Preview: Drawn to Death brings notebook drawings to deadly life

The mind of David Jaffe must be an incredibly tumultuous, yet fascinating, place. From the criminally underrated Mickey Mania, to the critically acclaimed and lauded Twisted Metal series, Jaffe’s creativity knows no bounds. Most notably, he helped birth the iconic God of War series, a feat few designers can lay claim to matching.

For his latest idea, Jaffe has returned to the source of inspiration for most artists: the pages of a notebook. Drawn to Death presents a world in which a young boy’s sketchbook is the impetus for not only the ideas and creations found in its universe, but the very game and characters themselves. Everything, from the visuals to the gameplay, feels like something that wasn’t just ripped from the pages of a notebook, but rather takes place inside its bounds in real-time.

In a way, it’s reminiscent of a multiplayer action-packed version of Comix Zone on steroids. 

From The Minds of Madness

Since Drawn to Death is a game about bringing a twisted child’s mind to life through scribbles and doodles on a page, it’s only fitting that its aesthetic and tone reflect that. When you select your character, you’ll be able to pick from an assortment of colorful creatures and punny personalities. Each option is punctuated by the artist’s hand reaching in from the side to confirm your selection with their drawing pen.

As far as your choices, there’s the guitar-shredding punk rocker Johnny Savage, dual-gun wielding demon Diabla Tijuana, and even the part-vampire/part-cyborg Cyborgula – plus many more. Picking a character and mastering what makes them special is a huge part of the Drawn to Death puzzle, an element that taps into the popularized “hero shooter” sub-genre that’s bigger than ever in today’s gaming market.

However, this is far from an Overwatch reskin. It’s not a first-person shooter – rather it’s a third-person shooter/brawl-hybrid action game. And even though it’s focused on competitive multiplayer, it couldn’t be more different than Blizzard’s juggernaut. Every character in the game sports unique moves and attacks, as well as advantages and disadvantages, but there is also a wide assortment of weapons to choose from as well.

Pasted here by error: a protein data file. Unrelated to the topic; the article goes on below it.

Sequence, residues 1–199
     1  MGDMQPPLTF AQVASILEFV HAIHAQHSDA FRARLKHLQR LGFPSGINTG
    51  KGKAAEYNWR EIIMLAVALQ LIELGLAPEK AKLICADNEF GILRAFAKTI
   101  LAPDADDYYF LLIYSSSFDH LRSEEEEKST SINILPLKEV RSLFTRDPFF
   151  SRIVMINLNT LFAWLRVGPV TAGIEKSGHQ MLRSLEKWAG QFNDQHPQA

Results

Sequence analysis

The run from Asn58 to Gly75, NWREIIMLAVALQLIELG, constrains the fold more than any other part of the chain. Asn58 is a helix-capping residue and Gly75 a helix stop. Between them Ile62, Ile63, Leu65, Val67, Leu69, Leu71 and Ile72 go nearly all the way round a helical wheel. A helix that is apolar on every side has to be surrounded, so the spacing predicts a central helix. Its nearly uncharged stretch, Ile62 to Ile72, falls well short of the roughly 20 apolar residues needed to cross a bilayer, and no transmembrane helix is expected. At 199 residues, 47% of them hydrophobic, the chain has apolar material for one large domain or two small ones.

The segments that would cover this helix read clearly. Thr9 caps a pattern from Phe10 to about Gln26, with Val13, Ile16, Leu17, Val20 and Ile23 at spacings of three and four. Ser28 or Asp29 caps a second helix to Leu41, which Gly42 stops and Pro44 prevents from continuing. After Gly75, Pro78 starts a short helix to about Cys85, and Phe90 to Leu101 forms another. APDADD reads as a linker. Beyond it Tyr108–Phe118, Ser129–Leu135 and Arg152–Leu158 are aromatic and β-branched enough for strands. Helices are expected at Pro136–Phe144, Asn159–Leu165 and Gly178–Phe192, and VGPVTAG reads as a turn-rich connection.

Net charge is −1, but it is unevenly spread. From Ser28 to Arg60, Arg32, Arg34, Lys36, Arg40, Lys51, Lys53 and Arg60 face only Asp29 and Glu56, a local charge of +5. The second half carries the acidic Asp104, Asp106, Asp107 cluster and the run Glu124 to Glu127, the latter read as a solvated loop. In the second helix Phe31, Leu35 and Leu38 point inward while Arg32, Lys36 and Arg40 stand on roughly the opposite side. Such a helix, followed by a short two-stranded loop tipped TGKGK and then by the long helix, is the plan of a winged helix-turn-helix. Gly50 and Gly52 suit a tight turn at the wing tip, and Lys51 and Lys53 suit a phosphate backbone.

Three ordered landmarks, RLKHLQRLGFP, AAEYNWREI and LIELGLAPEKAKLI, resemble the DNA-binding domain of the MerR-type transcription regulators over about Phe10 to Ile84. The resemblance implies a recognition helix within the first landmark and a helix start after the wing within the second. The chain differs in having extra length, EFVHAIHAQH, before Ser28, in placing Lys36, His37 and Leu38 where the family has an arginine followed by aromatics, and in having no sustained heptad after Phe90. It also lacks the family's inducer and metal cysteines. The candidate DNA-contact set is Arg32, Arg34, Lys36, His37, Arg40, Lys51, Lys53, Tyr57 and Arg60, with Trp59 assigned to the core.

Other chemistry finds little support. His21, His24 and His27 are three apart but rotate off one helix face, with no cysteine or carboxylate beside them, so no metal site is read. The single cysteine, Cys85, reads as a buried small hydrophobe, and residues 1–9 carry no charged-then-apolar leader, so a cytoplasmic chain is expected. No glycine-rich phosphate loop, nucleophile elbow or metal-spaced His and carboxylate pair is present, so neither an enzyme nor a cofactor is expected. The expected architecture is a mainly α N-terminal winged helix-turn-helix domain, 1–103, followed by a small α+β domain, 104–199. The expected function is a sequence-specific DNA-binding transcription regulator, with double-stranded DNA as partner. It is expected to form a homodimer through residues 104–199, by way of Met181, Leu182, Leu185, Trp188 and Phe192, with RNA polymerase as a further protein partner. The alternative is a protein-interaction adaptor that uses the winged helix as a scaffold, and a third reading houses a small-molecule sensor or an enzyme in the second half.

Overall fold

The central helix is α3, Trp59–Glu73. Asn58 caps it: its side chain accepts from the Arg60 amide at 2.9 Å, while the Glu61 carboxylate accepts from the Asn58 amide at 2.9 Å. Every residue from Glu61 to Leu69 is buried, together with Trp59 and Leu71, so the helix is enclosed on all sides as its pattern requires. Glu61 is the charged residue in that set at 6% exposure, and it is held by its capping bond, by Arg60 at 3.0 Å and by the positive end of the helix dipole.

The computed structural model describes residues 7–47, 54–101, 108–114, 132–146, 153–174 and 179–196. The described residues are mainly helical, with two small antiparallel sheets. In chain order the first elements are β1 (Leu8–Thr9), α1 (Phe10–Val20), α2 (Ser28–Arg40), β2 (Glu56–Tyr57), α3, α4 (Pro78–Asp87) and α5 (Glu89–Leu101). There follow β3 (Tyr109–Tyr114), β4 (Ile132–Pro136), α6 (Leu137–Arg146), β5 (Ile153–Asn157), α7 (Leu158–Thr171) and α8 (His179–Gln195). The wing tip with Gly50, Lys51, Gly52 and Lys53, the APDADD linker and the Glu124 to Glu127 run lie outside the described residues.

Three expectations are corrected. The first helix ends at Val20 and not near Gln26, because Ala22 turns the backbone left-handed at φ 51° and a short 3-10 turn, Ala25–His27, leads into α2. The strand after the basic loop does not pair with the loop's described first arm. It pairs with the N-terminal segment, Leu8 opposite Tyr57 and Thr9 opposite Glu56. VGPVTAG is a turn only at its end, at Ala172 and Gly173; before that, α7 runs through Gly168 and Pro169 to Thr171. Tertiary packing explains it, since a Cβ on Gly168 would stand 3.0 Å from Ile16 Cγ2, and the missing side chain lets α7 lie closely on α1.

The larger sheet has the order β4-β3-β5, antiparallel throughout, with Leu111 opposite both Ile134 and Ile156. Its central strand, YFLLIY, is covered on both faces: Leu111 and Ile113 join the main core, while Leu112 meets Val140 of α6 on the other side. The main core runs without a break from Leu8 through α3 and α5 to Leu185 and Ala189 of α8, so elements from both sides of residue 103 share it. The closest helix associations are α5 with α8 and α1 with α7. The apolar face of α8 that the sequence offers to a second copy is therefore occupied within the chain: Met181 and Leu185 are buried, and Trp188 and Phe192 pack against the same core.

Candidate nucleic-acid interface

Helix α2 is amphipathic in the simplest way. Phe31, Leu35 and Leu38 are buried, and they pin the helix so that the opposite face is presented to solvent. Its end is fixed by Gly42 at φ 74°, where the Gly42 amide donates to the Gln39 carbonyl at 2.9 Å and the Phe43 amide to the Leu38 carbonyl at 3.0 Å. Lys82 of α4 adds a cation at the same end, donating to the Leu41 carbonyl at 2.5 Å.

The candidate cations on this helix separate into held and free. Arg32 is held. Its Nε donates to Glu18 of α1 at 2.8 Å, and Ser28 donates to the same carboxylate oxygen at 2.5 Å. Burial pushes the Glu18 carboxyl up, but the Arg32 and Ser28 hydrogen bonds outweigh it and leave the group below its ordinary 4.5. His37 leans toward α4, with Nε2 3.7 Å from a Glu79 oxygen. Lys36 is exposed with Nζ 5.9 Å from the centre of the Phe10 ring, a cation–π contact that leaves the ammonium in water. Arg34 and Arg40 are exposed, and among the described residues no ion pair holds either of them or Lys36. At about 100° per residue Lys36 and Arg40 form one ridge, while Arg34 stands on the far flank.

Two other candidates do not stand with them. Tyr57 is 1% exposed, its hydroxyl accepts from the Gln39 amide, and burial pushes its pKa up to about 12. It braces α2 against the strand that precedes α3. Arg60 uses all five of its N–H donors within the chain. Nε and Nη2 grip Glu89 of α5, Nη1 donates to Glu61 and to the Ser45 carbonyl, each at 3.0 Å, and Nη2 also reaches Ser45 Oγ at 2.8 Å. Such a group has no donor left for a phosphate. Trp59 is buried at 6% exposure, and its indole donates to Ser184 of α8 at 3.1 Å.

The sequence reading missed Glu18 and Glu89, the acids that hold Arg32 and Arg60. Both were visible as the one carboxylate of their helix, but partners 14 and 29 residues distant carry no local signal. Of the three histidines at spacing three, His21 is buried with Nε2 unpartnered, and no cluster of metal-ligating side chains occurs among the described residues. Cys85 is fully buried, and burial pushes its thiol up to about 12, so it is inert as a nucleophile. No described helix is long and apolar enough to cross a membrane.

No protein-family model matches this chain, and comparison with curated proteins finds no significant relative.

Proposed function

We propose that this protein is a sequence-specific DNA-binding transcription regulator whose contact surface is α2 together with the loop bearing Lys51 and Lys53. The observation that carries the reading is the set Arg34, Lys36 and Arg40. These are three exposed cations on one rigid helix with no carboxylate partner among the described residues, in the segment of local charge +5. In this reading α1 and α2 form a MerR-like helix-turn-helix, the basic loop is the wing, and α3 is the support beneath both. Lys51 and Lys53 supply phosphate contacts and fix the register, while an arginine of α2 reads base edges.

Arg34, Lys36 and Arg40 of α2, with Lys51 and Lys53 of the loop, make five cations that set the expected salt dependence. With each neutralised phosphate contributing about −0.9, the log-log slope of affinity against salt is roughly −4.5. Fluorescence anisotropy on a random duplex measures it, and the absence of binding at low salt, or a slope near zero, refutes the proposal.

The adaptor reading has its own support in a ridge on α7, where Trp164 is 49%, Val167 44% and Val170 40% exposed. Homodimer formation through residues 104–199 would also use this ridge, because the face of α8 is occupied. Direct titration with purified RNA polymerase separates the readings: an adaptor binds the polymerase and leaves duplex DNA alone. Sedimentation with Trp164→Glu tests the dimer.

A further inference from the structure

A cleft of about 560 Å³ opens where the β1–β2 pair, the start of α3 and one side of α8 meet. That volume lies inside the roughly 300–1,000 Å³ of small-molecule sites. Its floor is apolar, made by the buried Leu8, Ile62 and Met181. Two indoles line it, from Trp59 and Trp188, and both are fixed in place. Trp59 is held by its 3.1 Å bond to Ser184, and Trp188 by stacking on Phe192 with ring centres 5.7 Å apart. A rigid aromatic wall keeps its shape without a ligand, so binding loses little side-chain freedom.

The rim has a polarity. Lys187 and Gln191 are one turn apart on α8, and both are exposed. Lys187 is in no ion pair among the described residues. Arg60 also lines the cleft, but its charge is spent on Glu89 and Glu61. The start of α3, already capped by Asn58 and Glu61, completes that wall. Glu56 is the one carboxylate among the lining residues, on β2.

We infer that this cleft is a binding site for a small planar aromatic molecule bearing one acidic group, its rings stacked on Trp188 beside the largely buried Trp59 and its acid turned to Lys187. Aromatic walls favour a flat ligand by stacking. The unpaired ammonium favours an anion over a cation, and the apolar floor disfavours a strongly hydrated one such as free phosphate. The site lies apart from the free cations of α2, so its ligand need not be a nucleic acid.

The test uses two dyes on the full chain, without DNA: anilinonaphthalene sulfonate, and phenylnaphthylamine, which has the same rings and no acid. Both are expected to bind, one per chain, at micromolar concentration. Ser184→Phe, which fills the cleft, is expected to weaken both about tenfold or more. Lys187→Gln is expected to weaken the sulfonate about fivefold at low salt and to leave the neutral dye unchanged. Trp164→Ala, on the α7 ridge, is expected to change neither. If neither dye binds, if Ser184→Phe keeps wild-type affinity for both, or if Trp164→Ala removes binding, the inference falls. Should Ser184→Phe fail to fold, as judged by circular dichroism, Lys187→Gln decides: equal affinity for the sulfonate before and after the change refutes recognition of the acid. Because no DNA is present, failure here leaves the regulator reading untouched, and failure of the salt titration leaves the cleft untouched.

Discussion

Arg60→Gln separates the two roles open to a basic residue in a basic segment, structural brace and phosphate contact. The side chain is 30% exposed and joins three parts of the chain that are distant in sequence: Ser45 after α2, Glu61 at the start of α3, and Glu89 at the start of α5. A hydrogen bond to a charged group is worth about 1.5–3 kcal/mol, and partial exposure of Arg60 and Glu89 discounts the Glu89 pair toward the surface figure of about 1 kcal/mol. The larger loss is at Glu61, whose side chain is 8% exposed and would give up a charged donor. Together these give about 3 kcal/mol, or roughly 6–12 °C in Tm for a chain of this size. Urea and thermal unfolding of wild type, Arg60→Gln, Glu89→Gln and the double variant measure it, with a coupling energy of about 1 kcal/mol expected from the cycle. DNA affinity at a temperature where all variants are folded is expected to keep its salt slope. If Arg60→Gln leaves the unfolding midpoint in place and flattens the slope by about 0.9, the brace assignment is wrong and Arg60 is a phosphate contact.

Breathing New Life

With a heavy focus on skill, Drawn to Death is geared towards allowing players to develop their own strategies and preferred methods of play, without anything emerging as the definitive “best” way of playing any character, level, or game mode.

At launch, everyone will be able to unlock the core cast of 6 playable characters and will have access to 7 unique levels, 26 weapons, and 6 game modes – plenty of content to keep players busy for some time. Game modes include your standard fare of Deathmatch and Team Deathmatch, as well as variants on scoring and level size. The most unique game mode is named Organ Donor – a slight twist on the “Kill Confirmed” game mode seen in recent Call of Duty titles. Instead of dropping dog tags upon death, characters drop beating hearts, which feels appropriate for a David Jaffe creation.

Once you’ve retrieved a heart from your fallen foe, or one that someone else has yet to pick up, you can drop it off at stationary base for a single point each. But if you drop it off at a moving base – which is more difficult, as it requires you to be light and nimble on your feet and aware of your surroundings – then you get double points. You’ve got to be careful though, because when you die you drop a portion of the hearts that you were carrying, which could make it easier for someone else to catch up or win the match. The first player to 20 total points wins!

Previously a free-to-play title, Drawn to Death is now making the shift to a traditional buy-to-play business model. During my preview, I played an Organ Donor match with Johnny Savage, thinking his mohawk would make him intimidating to my enemies. With a mixture of over-the-top weaponry and smooth moves, I was able to take 2nd in the game, getting edged out by the aforementioned shark ninja, Ninjaw.

The Living Page

Drawn to Death’s unique visual style and premise is a breath of fresh air, but not one without its caveats. That special sauce will only go so far once the game is out and players unlock all there is to see. Are the handful of game modes, levels, and characters enough to keep people coming back for more, especially now that it’s no longer free-to-play? Will the lack of single player content put off players, like it did with the likes of Evolve, Star Wars Battlefront, Titanfall, and other recent experiments?

I had fun in my limited preview setting, but that was only two total matches, not weeks of game time.

Drawn to Death is in development by The Bartlet Jones Supernatural Detective Agency, spearheaded by David Jaffe, and published by Sony. The release date and price are not finalized yet, but the game will be releasing exclusively on PlayStation 4.